THE NIGHT I MET THE COLDEST MOMENT IN MY ENTIRE LIFE.
The Nyquil gel tablets I choked down with boiled-snow-noodle-water kicked in around 1am.
This was AFTER our exploding dinner catastrophe* (stupid, embarrassing, dangerous- more on this below),
AFTER crying actual frozen tears because I was surely going to die (again, I’ll elaborate below),
and AFTER the realization that I would never summit the next day without at least a tiny wink of sleep.
Thus the decision to self-medicate.
Almost exactly 1 hour after I had finally fallen into a drug induced slumber, I was awakened by *POP* and a sting across my face like someone had reared back a leather bullwhip.
My groggy eyes scanned our tent.
It was shaking fiercely like we were being tossed about in a stampede.
Richard was hovering over me with his 6’8” wingspan stretched out, literally giving his all to hold the walls back as they were rampaging.
A tent pole had snapped past his attempts scalding my cheek.
With the wind roaring like a wild beast ripping our tent to shreds, Richard finally accepted defeat in the reality that a severe storm had moved upon the mountain and was absolutely owning us.
In all his trademark “everything’s fine” Richardy calmness, he gazed down upon my welted face, arms still spread amidst the chaotic spiraling backdrop, with a simple “Think it’s a good time for us to head on home now.”
You know, no big deal, like in those high dollar action movies when your favorite antagonist just slow motion walks away, carefully applying swag sunglasses, and checking his dimples in a passing airborne windshield, while the whole world is apocalyptically exploding behind him. 💁That's Richard.
The weather worsened and staying here could equal the ULTIMATE defeat for us. And I don´t mean not summiting. I mean.. defeated forever...
There was no time to pack up, so we hastily agreed to zip up our packs, sleeping bags, and everything else inside the tent, turning it into a quasi sled. This way we could huck it all back to a concrete bathroom we had passed farther down the trail.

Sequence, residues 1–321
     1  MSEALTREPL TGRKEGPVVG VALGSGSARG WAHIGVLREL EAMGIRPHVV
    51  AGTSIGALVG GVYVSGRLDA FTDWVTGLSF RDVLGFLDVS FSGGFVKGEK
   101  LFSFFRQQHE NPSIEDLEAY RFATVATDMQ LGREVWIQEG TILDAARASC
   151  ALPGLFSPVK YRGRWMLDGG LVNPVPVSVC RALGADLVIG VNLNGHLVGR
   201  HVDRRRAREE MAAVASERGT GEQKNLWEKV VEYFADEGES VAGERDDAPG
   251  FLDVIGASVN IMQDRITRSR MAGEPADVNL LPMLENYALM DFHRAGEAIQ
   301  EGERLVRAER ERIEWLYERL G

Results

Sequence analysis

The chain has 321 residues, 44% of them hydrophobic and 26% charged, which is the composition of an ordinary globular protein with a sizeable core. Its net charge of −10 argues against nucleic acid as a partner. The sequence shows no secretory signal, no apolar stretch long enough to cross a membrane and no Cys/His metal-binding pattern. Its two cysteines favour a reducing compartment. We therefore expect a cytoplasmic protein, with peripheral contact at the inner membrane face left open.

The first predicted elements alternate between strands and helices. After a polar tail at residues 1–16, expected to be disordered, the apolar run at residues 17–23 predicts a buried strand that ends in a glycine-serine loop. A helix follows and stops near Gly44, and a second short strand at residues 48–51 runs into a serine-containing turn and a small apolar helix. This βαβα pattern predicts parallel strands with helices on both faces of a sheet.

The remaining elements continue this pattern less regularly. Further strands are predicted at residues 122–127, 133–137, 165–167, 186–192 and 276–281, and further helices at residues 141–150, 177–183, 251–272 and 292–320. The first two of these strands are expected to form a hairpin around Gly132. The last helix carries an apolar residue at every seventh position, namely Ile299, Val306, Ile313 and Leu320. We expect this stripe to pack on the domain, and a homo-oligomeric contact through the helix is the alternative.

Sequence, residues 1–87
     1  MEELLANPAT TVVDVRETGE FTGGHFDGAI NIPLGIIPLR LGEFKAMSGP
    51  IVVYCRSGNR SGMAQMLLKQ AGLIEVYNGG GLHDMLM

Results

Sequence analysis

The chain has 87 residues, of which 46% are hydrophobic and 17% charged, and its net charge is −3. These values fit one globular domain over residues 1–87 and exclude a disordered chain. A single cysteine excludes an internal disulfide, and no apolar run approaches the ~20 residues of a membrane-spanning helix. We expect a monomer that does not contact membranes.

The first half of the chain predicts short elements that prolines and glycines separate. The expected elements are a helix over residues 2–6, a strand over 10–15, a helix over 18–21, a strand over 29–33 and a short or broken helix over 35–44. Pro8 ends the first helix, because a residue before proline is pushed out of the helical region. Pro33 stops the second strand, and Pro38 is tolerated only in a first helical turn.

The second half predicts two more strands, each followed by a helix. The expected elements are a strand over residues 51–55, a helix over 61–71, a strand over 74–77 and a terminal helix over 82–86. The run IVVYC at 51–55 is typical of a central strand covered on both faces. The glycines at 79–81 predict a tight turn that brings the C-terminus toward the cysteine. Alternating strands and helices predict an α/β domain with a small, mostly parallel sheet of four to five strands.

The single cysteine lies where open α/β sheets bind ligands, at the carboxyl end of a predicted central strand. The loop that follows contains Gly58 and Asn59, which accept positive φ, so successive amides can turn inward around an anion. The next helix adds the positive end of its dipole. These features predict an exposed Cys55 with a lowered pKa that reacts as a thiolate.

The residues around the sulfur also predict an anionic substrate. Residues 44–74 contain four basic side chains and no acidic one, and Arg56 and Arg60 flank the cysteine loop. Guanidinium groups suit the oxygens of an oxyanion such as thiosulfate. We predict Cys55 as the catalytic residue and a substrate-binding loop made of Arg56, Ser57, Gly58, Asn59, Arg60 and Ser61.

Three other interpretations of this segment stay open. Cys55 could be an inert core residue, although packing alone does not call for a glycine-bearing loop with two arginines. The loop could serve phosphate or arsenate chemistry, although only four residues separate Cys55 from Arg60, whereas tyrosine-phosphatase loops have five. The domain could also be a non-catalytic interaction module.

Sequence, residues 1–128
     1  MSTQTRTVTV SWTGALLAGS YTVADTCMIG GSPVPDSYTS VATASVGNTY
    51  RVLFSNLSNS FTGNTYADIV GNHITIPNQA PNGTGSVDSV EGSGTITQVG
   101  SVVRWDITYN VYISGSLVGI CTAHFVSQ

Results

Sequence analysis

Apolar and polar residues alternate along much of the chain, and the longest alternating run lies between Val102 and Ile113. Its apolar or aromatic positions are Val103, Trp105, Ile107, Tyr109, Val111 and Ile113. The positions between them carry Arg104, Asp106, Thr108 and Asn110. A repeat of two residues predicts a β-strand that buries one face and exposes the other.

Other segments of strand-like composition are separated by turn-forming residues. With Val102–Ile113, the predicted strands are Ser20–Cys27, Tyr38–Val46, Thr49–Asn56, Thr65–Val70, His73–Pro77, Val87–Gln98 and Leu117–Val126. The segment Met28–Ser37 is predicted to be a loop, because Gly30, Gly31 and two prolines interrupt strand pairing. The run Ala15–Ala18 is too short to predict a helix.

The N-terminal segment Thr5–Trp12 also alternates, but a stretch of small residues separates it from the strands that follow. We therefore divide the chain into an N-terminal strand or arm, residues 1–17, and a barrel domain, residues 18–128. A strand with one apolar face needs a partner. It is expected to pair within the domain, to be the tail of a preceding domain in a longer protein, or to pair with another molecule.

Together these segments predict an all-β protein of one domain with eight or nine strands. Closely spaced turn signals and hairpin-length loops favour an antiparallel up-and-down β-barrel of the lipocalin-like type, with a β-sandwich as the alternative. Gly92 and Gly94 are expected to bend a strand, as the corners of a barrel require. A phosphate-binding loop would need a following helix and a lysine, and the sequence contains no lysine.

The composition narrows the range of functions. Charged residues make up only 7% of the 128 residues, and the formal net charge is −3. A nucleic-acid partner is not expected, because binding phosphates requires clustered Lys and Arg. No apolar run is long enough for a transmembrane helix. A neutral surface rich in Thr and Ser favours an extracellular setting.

We suited up, Richard held at the door, gloved hand at zipper, then intently looked at me through his goggles and bakalave,
“Ok. You Ready?”
I laugh excitedly…(maybe nervously) and nod, we both rush out.
Then- I’ll never forget this moment as long as I live- just as I stepped out of the flapping door, the ferocious wind reached in, snatched our water boiling pot from inside our tent and sucked it up into the air. The two of us hunkered there in the snow, speechless, as our pot hurled up and away into oblivion, flipping and spinning out of control into the distance until we could no longer see it. It was like one of those huge junkyard magnets had activated above the mountain ridge.
Richard grabbed the tent in the front and I clutched on in the rear.
That was the extent of our plan.
The wind gusts were 75 mph. (In my amateur weather-lady estimate)
It took all the might I had in me to keep gripped to our flailing tent-turned-parachute.
Shrapnel was flinging off our tent like confetti. At times I would unexpectedly drop down between rocks under the snow, tread my way back to my feet, and continue to hustle forward refusing to lose our gear to the wind.
A gust filled with ice shards would blast through so strong it would swipe BOTH my feet out from under me, catching air with my parasail-tent, and belly flopping onto the snow.
Loosing my breath.
Still I clenched onto our precious camping goods.
I remember everything was so jumbled and dark- besides the snow. I wasn’t able to see anything around or in front of me. Just darkness, intensity, and confusion. (Which, by the way, is a recipe straight out of the Cookbook for Disasters.)
We could not communicate with each other at all because the flapping and raging wind was so intensely deafening.
With barely any awareness of which way was up, I was just following on blind faith that Richard was leading us to safety….
I mean, considering Richard was even still there at all, and not hurled into the sky like our pot!